In the wake of the massive earthquake that tore an already-troubled Haiti apart in 2010, Wyclef Jean—one of the island’s most successful sons—sprang into action to assist via his Yele Haiti charity.
But what we learned later was that the charity was run disastrously, and was the subject of a huge investigation regarding misuse of donated funds.
According to The New York Times, Yele Haiti essentially (and quietly) shut down last month, leaving a parade of upset creditors and angry would-be recipients in its wake.
The numbers reveal some pretty scathing stuff. Yele Haiti collected over $16 million in donations following the series of earthquakes the decimated the island’s capital city of Port-Au-Prince and ripped much of its already-tenuous infrastructure to shreds.
But the money rarely made it into the hands of those who needed it, instead going to salaries, travel, consultants fees, and eventually to the team dealing with the group’s building legal troubles.
It was merely the latest in a string of problematic economic decisions for the foundation. Since Yele was founded in 2004, the group spent $600,000 on a now-abandoned headquarters, $24,000 on a chauffeur for Clef, and a $100,000 payout to Jean himself to perform at a fundraising event in Monaco. Yele even once spent $30,763 to fly Lindsay Lohan on a private jet from New Jersey to Chicago for an event that only raised $66,000.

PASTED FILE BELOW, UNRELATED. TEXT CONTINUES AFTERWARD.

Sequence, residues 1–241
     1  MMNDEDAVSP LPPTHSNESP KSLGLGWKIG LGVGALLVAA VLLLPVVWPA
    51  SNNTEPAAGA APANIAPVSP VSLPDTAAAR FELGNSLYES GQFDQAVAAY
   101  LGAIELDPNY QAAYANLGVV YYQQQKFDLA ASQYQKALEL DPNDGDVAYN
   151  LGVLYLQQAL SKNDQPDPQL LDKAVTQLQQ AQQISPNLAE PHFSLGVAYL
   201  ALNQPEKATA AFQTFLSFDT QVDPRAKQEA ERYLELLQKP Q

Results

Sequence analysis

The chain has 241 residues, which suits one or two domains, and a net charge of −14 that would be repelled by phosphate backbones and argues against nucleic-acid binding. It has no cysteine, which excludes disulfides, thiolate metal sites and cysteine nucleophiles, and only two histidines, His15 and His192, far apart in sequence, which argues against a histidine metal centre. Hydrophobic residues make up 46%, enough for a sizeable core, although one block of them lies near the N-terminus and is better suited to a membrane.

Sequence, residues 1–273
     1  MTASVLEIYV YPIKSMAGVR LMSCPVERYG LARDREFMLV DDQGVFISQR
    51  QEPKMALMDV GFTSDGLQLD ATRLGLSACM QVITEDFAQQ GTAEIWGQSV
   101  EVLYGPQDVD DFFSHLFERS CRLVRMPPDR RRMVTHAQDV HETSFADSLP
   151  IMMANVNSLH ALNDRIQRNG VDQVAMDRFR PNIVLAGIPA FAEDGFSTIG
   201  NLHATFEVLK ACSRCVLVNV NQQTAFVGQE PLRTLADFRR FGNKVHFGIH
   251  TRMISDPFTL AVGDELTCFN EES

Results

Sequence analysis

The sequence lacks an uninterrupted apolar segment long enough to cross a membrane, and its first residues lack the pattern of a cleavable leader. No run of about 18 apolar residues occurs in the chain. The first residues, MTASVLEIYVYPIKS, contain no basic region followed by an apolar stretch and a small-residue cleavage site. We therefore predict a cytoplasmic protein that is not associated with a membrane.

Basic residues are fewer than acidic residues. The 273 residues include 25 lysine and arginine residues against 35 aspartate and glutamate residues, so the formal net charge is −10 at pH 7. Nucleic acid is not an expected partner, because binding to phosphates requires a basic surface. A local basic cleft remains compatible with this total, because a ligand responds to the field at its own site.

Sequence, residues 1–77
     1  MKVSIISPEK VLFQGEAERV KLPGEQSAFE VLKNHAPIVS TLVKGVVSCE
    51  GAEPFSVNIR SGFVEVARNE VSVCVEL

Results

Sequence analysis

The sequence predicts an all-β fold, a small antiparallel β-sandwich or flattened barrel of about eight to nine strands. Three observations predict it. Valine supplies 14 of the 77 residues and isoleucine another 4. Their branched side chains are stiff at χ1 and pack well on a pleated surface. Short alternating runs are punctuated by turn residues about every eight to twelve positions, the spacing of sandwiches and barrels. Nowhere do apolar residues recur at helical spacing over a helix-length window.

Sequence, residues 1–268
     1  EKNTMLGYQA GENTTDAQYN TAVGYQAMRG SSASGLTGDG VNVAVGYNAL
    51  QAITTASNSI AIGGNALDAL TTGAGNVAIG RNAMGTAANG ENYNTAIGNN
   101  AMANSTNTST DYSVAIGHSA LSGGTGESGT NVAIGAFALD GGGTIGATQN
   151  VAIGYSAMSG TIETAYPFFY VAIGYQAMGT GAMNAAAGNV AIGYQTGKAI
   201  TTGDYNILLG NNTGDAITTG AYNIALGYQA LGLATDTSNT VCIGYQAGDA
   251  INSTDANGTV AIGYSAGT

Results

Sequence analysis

The avalanche of wasted donations is pretty staggering, with nearly half of the money Yele brought in going to internal expenses. Conversely, as the Times points out, Sean Penn’s J/P Haitian Relief Organization only spends 10 percent of its intake on operational needs, including office-related charges and travel. (So if you want to contribute to the still-ongoing relief effort in Haiti, lay your money with Penn.)
Jean was once the island nation’s greatest international ambassador, but he now appears to be persona non grata in his birth place. His run for president was disastrous, the dude was shot there last year, and the people who once lionized him now look at Jean as a villain. In an interview with Diaoly Estimé, who runs an orphanage in Haiti, told reporters, “If I had depended on Yéle, these kids would all be dead by now.”